Employee Advocacy Prompts Google To Approve European Work Council


Google’s workforce in Europe will soon have representation by European Works Councils (EWCs) after 153 employees from 11 offices advocated for one, according to a Bloomberg report on Thursday (March 19).

The workers appealed to management by writing letters asking for the establishment of an EWC, three sources told Bloomberg. Google is now starting the process and will meet with employees about its breadth, the sources said.

EWCs represent the interests of employees of multinational companies, giving them the right to consult with management about any issues that could affect their employment. If enough employees ask for a council, the EU mandates that the company complies.

Employees from over 35 Google offices across Europe are expected to participate in the council, holding meetings a few times a year in Dublin, a source said. 

A Google spokeswoman said the firm “always encouraged constructive and open dialog with Googlers, and we always will.”

Criticisms by Google’s employees have been ongoing for the past 24 months. Complaints centered on polemical issues like military contracts, search engine censorship and payoffs related to alleged sexual harassment.

“The point of the works council is to be the voice of the employees — to express concerns and to find better solutions,” said Gabriel Kerneis, a Google software engineer in Paris who advocated for the council. “We hope that it will create a fairer process.”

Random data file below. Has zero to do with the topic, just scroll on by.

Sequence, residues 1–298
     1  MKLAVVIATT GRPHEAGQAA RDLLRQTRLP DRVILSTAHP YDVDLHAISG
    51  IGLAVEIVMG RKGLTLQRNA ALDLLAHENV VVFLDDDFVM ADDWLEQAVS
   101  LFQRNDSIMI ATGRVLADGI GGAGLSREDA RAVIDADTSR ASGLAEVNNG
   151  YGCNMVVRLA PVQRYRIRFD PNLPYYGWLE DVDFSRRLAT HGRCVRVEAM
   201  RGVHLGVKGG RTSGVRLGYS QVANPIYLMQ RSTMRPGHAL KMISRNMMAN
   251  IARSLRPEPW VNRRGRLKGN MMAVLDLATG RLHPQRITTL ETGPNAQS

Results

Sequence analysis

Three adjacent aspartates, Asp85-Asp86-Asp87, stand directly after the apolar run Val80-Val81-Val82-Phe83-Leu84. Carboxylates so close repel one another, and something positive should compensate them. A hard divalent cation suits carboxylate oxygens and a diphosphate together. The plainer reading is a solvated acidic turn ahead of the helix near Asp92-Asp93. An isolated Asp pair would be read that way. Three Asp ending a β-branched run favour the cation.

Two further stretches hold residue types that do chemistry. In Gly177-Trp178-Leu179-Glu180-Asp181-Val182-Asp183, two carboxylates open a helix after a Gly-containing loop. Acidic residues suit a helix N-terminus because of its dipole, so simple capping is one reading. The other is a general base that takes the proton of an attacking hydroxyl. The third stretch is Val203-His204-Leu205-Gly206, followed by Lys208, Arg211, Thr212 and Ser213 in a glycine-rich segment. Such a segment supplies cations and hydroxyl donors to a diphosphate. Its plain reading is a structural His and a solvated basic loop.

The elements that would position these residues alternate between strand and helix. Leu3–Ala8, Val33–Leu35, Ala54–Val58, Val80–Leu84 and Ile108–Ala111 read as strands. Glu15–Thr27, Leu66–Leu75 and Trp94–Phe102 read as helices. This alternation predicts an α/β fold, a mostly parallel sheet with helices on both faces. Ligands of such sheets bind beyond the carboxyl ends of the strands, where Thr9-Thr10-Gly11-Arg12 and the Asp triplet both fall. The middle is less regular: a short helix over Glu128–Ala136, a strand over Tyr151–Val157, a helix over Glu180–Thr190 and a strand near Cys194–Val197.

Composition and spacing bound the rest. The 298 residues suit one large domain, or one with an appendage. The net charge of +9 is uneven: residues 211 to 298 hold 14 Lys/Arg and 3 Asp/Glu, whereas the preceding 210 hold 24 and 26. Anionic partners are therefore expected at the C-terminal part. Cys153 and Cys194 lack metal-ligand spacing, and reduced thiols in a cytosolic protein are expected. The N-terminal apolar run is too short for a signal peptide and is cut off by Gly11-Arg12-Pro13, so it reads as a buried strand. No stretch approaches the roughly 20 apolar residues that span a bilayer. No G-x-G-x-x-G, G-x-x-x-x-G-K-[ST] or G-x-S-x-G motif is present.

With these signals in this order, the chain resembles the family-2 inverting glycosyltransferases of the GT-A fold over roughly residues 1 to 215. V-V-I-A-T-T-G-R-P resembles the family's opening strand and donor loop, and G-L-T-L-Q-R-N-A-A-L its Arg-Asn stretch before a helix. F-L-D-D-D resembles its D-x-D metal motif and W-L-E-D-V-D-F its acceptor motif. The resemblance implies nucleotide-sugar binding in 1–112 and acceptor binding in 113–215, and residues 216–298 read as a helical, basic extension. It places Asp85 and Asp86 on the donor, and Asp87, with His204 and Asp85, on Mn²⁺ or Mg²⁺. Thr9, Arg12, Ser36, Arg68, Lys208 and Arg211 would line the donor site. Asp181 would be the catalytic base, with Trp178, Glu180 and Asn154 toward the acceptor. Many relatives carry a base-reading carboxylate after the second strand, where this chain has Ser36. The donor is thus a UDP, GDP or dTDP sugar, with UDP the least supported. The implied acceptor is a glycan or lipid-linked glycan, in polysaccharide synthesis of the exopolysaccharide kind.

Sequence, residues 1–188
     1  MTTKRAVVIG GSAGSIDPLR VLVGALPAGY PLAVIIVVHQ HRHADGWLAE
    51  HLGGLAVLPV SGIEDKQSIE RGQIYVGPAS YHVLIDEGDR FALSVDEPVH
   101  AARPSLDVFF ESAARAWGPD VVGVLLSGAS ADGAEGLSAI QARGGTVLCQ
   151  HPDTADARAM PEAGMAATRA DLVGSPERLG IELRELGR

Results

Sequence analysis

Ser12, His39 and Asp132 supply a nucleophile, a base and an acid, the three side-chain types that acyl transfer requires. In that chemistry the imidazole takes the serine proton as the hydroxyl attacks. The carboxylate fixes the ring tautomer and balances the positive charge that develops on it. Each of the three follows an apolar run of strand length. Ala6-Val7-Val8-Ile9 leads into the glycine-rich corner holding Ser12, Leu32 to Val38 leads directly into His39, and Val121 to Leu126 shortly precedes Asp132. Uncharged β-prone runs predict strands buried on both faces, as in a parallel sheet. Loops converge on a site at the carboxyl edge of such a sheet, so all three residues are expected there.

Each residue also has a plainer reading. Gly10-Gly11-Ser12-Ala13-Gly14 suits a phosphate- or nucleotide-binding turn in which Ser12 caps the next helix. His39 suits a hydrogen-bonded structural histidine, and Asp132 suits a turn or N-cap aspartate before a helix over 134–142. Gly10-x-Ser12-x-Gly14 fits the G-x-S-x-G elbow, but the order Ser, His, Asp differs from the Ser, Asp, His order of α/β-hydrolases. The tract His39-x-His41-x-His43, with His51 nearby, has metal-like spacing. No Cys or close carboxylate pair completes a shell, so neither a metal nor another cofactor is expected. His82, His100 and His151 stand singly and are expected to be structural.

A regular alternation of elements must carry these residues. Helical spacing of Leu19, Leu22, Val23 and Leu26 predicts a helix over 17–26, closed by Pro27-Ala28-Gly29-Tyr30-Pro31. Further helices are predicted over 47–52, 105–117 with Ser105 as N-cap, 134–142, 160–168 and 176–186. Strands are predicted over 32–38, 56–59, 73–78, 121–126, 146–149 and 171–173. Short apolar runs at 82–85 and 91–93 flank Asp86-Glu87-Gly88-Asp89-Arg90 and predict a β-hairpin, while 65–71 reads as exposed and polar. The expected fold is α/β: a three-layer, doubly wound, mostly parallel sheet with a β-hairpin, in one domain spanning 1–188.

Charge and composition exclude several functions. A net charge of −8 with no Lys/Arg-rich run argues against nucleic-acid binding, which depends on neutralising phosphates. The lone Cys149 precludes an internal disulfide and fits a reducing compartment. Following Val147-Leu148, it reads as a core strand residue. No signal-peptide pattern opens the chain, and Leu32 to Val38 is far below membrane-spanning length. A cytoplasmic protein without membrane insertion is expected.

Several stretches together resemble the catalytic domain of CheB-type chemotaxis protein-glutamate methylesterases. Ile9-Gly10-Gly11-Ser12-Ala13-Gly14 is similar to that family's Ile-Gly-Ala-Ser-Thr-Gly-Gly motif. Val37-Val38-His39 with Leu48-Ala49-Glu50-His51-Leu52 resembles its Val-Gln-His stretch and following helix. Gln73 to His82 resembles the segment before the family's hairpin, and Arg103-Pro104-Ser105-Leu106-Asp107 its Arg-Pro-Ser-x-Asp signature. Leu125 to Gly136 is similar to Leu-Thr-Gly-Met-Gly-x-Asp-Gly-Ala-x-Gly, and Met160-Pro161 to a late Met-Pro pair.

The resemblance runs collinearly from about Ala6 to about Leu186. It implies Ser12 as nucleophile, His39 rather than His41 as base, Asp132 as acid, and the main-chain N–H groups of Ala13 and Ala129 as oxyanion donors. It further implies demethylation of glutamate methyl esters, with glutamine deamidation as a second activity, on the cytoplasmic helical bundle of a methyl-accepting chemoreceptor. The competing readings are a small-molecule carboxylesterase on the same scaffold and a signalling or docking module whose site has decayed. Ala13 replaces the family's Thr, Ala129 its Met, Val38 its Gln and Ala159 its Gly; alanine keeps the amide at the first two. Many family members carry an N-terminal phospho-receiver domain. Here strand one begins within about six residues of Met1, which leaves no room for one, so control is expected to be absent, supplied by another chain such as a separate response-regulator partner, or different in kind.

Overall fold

There is a works council in place in Paris, as mandated by France. Google’s Zurich location is also working on getting a council, a source told Bloomberg. 

“We didn’t know what would happen, but there’s not been any blowback so far, which has been great,” said Hannah Pascal, a senior software engineer at Google who is based in London and helped establish the council. “These issues that are coming up — complaining about retaliation, or taking on dodgy contracts — we hope the council is going to allow us to have more of an eye-level discussion with management about them.”

U.K. lawmakers are reportedly introducing a digital services tax of as much as 2 percent of revenues tied to business activities in the country. The government has said the tax is aimed at “large multi-national enterprises with revenue derived from the provision of a social media service, a search engine or an online marketplace to U.K. users.” That’s a roster that includes Google, Amazon and Facebook.



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